The ability of different areas of the skin to absorb heat from a locally applied heat source: the impact of diabetes.
ABSTRACT When heat is applied to the skin, heat is conducted away because of the latent heat transfer properties of the skin and an increase in skin circulation, but little attention has been paid to the heat transfer properties of skin in different areas of the body and in people with diabetes. research design: Thirty subjects in the age range of 20-75 years had a thermode (44°C) applied to the skin of their arm, leg, foot, and back for 6 min to assess the heat transfer characteristics of skin in these four areas of the body. Skin blood flow and skin temperature were monitored over the 6-min period.
For the younger subjects, blood flow was not statistically different in response to heat in three areas of the body, starting at less than 200 flux measured by a laser Doppler imager and ending at approximately 1,200 flux after heat exposure. The foot had higher resting blood flow and higher blood flow in response to heat. Temperature and the rate of rise of temperature were also not different in any of the areas. The heat added to raise temperature, however, varied by body region. The arm required the least, whereas the leg and foot required the most. For the older group and subjects with diabetes, the heat required for any region of the body was much less to achieve the same increase in skin temperature, and blood flows were also much less; the subjects with diabetes showed the least blood flow and required the fewest calories to heat the skin. Whereas the foot required the greatest number of calories to heat the tissue in younger and older subjects, in subjects with diabetes, the foot took proportionally fewer calories.
Thus, specific areas of the body are damaged more by diabetes than other areas.
- SourceAvailable from: Jean-Louis Dillenseger[show abstract] [hide abstract]
ABSTRACT: This paper describes a modeling method of the tissue temperature evolution over time in hyper or hypothermia. The tissue temperature evolution over time is classically described by Pennes' bioheat transfer equation which is generally solved by a finite difference method. In this paper we will present a method where the bioheat transfer equation can be algebraically solved after a Fourier transformation over the space coordinates. As an example, we implemented this method for the simulation of a percutaneous high intensity ultrasound hepatocellular carcinoma curative treatment and compared it with the finite difference method and experimental data.Computers in biology and medicine 12/2009; 40(2):119-23. · 1.27 Impact Factor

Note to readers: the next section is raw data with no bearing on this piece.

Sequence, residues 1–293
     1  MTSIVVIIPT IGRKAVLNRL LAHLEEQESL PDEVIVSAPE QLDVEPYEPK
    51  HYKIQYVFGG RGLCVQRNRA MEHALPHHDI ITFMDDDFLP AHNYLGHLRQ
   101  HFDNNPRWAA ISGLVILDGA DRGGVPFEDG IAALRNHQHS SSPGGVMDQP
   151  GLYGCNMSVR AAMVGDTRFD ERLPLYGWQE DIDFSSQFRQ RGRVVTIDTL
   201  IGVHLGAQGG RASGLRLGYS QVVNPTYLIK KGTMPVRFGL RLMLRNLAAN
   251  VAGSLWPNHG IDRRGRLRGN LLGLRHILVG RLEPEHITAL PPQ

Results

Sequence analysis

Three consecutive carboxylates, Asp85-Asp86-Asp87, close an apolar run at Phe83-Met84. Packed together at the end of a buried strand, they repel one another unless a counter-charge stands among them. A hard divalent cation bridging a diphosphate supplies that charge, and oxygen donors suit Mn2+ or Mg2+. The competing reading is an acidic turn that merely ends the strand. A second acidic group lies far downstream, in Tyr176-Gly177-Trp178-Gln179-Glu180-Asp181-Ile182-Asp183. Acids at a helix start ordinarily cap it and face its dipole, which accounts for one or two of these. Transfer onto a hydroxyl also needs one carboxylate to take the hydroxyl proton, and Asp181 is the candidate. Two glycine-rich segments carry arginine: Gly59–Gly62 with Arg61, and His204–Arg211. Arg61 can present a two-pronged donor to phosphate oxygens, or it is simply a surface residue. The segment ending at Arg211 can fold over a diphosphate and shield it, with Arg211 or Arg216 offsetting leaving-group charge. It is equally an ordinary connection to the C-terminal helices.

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ABSTRACT: Progressive loss of pain perception and cutaneous nerve fibers are frequently observed in diabetic patients. We evaluated the feasibility of using thy1-YFP mice that express the yellowish-green fluorescent protein (YFP) in all of their sensory/motor neurons for noninvasive monitoring of cutaneous nerve fiber loss during diabetes. Fluorescent fibers in skin sections from the leg of thy1-YFP mice stained positive for the neuron-specific protein gene product 9.5 (PGP9.5), indicating that the cutaneous fluorescent fibers are indeed nerve fibers. In diabetic thy1-YFP mice, significant small cutaneous nerve fiber loss in the leg was observed at 3 months following the onset of diabetes, but loss of heat-induced pain perception occurred as early as 1 month following the onset of diabetes, indicating that functional impairment of sensory nerves precedes cutaneous nerve fiber loss. Immunostaining of skin sections of mice killed at 6 months following the onset of diabetes showed that parallel to the loss of small fluorescent nerve fibers, there was a significant decrease in fibers stained positive for calcitonin gene-related peptide, substance P, and purinoreceptor subtype in diabetic thy1-YFP mice. These mice will be useful for noninvasive monitoring of cutaneous nerve fiber degeneration and loss of heat-induced pain perception during diabetes and for the assessment of efficacy of therapeutic treatment of diabetic neuropathy.Diabetes 12/2005; 54(11):3112-8. · 7.90 Impact Factor